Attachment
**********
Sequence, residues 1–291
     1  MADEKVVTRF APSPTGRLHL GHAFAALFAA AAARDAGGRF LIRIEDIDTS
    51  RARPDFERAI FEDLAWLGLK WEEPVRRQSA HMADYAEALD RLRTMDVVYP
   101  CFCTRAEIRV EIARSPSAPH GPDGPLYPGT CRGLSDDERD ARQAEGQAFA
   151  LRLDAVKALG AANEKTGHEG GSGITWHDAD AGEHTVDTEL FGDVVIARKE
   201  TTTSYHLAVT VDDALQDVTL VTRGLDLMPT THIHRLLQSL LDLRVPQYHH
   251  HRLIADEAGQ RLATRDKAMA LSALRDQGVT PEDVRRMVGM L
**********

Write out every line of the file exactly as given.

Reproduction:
Sequence, residues 1–291
     1  MADEKVVTRF APSPTGRLHL GHAFAALFAA AAARDAGGRF LIRIEDIDTS
    51  RARPDFERAI FEDLAWLGLK WEEPVRRQSA HMADYAEALD RLRTMDVVYP
   101  CFCTRAEIRV EIARSPSAPH GPDGPLYPGT CRGLSDDERD ARQAEGQAFA
   151  LRLDAVKALG AANEKTGHEG GSGITWHDAD AGEHTVDTEL FGDVVIARKE
   201  TTTSYHLAVT VDDALQDVTL VTRGLDLMPT THIHRLLQSL LDLRVPQYHH
   251  HRLIADEAGQ RLATRDKAMA LSALRDQGVT PEDVRRMVGM L